Lady C's InfoNapsterizer

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7.11.2004

Message or medium? Godwin's Law in Political Communication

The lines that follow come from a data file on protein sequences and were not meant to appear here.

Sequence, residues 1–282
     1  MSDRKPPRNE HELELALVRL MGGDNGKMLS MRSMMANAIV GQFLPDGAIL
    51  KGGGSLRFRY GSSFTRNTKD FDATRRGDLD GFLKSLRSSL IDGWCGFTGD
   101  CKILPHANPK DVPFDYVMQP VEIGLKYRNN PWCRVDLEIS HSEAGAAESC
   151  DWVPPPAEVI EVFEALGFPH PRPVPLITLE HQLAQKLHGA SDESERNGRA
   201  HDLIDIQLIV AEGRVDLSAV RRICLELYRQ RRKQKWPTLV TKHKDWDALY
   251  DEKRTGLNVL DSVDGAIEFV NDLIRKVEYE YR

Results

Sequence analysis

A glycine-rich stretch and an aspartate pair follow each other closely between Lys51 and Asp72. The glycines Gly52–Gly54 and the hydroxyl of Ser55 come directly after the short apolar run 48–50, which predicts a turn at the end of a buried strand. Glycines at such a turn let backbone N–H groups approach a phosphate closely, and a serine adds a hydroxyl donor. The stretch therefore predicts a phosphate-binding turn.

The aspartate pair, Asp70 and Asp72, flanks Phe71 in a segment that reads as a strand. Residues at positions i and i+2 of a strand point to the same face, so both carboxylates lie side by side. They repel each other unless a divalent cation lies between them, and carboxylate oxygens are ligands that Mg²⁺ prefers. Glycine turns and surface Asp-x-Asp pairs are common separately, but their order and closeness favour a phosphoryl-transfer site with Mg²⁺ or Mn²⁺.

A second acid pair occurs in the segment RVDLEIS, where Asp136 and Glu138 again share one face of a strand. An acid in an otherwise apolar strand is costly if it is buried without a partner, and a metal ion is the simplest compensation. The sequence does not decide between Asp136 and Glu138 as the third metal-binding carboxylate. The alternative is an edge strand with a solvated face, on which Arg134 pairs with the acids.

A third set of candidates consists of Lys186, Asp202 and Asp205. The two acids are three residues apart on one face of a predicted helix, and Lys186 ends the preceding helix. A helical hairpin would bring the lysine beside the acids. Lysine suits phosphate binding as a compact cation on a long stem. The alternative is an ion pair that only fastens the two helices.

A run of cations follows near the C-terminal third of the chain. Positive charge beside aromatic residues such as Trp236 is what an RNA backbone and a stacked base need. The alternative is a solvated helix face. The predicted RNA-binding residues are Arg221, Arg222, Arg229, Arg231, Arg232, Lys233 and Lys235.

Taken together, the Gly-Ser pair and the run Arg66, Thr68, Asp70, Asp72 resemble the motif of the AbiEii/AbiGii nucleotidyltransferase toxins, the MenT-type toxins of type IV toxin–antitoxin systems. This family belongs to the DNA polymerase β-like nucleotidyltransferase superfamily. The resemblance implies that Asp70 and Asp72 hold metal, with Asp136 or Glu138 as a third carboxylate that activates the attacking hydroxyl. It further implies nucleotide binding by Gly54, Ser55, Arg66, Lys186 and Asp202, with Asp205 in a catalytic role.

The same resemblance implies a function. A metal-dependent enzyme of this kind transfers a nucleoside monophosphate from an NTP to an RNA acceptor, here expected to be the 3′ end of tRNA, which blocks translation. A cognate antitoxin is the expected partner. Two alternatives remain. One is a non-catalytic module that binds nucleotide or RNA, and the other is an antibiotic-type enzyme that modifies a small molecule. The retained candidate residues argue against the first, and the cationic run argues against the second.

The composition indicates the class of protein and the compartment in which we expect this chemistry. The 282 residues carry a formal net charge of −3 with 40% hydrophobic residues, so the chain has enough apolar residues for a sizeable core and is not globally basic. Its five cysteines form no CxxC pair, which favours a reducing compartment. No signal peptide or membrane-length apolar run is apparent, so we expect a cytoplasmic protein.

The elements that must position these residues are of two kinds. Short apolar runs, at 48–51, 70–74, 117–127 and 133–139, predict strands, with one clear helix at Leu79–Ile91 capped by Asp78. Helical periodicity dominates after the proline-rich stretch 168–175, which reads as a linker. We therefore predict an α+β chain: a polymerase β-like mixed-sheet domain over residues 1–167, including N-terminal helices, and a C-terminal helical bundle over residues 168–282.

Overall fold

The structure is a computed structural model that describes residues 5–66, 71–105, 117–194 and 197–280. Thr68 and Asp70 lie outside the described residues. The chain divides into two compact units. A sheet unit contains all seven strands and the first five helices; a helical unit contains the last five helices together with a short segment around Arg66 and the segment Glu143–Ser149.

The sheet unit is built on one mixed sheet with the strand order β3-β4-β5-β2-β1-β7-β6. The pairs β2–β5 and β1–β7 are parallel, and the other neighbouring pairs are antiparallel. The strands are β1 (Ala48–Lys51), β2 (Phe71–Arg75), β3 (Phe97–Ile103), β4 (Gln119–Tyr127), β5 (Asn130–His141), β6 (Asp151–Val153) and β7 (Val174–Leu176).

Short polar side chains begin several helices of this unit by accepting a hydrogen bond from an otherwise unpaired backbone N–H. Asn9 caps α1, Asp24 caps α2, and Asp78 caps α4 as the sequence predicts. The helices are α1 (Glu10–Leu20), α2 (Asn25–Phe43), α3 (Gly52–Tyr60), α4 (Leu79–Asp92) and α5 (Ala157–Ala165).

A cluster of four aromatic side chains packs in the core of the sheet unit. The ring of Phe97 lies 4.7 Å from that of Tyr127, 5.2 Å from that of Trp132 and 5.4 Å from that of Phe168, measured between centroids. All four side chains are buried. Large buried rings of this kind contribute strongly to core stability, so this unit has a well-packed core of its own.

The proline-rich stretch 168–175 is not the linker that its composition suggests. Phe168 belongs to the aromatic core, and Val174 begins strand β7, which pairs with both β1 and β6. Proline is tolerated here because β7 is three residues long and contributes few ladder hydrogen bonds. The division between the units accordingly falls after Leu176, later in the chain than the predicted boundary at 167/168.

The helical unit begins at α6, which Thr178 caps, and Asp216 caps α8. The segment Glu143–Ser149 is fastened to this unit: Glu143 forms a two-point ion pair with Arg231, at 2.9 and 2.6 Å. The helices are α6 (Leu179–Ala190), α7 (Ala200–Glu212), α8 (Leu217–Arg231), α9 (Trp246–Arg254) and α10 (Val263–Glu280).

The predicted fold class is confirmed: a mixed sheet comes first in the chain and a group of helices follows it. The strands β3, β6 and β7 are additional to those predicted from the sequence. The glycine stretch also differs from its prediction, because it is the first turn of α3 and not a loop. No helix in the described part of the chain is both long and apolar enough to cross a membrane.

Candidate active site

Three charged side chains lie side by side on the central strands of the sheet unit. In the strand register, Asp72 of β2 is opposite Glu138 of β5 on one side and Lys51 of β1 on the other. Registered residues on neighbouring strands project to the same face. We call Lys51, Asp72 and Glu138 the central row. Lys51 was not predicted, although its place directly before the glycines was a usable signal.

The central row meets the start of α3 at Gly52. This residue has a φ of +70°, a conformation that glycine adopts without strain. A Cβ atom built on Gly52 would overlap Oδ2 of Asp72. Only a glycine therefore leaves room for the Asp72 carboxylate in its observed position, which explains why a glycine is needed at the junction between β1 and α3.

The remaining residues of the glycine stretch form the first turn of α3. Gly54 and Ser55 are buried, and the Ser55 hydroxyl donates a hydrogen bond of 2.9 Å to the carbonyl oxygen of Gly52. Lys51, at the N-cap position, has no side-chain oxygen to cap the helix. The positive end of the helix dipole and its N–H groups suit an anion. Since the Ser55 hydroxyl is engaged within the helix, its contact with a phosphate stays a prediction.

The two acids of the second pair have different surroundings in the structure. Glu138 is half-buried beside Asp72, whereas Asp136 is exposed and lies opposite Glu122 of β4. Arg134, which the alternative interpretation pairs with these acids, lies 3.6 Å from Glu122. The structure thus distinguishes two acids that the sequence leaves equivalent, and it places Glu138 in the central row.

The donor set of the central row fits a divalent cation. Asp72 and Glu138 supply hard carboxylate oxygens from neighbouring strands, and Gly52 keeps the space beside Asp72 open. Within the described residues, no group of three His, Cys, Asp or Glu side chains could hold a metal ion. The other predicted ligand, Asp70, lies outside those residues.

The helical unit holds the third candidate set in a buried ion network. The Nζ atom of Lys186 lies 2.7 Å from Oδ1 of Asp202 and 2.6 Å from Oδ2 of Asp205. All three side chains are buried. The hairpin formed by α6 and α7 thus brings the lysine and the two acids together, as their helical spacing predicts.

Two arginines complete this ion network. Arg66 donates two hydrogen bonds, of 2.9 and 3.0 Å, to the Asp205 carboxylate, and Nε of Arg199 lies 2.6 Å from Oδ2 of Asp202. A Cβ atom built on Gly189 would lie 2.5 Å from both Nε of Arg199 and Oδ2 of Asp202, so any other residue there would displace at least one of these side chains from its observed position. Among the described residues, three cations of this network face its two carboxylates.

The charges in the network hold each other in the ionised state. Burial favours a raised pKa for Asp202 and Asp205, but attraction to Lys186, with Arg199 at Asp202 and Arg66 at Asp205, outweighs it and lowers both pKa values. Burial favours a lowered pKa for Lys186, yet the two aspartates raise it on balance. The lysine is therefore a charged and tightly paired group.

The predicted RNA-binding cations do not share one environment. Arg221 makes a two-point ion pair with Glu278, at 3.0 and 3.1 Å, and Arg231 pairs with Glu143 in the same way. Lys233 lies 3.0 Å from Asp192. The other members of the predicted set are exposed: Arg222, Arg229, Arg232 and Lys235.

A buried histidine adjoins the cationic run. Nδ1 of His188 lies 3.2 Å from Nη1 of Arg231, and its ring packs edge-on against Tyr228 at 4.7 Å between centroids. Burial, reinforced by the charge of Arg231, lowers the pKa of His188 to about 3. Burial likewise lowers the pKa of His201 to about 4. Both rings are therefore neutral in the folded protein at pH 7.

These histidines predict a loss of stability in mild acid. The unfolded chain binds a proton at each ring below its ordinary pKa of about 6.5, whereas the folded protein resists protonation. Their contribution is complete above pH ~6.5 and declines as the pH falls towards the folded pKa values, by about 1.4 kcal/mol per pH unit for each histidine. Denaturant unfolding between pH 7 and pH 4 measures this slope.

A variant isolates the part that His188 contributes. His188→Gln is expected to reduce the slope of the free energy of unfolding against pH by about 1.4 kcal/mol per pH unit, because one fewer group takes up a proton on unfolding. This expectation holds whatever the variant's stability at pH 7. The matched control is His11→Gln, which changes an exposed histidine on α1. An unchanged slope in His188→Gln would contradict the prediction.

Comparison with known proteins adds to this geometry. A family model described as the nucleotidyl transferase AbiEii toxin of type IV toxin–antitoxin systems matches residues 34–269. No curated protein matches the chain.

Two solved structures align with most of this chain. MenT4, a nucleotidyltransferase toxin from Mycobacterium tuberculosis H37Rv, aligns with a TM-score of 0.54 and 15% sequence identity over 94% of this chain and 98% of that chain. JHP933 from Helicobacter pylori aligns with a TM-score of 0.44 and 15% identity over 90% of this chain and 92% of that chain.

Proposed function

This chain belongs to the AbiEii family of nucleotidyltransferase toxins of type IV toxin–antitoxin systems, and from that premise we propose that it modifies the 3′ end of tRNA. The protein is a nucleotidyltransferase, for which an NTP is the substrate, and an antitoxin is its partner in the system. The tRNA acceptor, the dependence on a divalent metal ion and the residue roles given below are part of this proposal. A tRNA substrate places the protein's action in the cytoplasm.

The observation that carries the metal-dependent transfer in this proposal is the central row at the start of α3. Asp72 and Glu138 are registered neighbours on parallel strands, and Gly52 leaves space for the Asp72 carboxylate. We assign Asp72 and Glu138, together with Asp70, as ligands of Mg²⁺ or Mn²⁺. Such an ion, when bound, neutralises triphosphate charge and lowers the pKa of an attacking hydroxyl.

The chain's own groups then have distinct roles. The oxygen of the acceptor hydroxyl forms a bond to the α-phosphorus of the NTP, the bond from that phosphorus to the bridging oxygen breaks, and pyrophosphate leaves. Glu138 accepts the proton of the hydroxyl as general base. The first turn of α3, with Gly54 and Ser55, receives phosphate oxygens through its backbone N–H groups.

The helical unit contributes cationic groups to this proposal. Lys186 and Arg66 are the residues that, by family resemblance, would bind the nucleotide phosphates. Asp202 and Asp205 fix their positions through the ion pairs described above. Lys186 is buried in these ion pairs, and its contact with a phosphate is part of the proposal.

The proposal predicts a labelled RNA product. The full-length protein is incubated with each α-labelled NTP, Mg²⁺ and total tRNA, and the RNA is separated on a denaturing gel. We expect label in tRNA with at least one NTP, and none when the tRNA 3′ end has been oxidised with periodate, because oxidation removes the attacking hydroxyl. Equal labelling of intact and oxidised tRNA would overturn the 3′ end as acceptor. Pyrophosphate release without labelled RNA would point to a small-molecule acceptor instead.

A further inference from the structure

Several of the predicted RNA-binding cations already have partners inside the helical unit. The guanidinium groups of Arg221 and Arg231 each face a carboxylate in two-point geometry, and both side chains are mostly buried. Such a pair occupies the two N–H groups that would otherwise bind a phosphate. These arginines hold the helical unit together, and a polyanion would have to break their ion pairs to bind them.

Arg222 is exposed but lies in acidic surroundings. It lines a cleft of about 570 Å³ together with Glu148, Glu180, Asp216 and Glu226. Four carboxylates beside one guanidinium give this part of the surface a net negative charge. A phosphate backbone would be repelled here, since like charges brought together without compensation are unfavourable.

"Nazi" debate enflaming the blogosphere. It is doubtful whether any light has been shed on the appropriateness of the Nazi allusions (or even, in the case of the Bush/Cheney ad, on WTF the Hitler clips were trying to say!)   What can be demonstrated by these incidents, however, is that Godwin's Law applies outside internet discussion threads -- in this case, televis-"able" political "discourse" of the two major political parties. The degree to which Godwin's Law, as applied to political parties, represents a distinct corrollary would require an assessment of whether it has been generally applicable historically (at least in post WWII American politics). Such an assessment would require considerable statistical analysis of broadly-disseminated communications during past election cycles.   The application of Godwin's Law to campaign-related communications to potential voters presents an interesting issue -- does it apply principally to the originators of the communications (prominent politicians, party spokesmen), or does it apply equally (if not more so) to the vehicles for amplifying the original communications (Primarily partisan pundits and coverage by mainstream media). Is it the fact that the communication of the use of "Hitler" receives wide attention the reason why Godwin's Law is at work in campaign "discourse"? If so, in analyzing the dynamics of political "discourse," should our focus be primarily on the substance of the communications -- thereby viewing the amplifying mechanisms as weapons (passive tools) for the parties. Or should our attention be focused instead on the dynamics of the amplifying mechanisms, in effect viewing the political communications and their origiinators as principaly suppliers of fresh ammunition for the amplifying mechanisms?   The medium vs message debate is particularly relevant in reviewing the Bush/Cheney ad, which has provoked considerable discussion about its purpose. First, the ad does not seem to have been produced for immediate public broadcast but instead is the vedette of the web site. Second, as a number of reviewers have pointed out, the content of the ad is extremely ambiguous and could be viewed by an independent observer as making a strong case against rather than for Mr Bush. Rather than interpret the purpose of the party communication by attempting to evaluate the possible reactions to the ad by various segments of the voting public if they were to view it as a normal TV commercial, perhaps it should be seen as ammunition being produced for "amplifying mechanisms."   If the contents of the ad reach the potential voting public in snippets (video or written descriptions) together with commentary that

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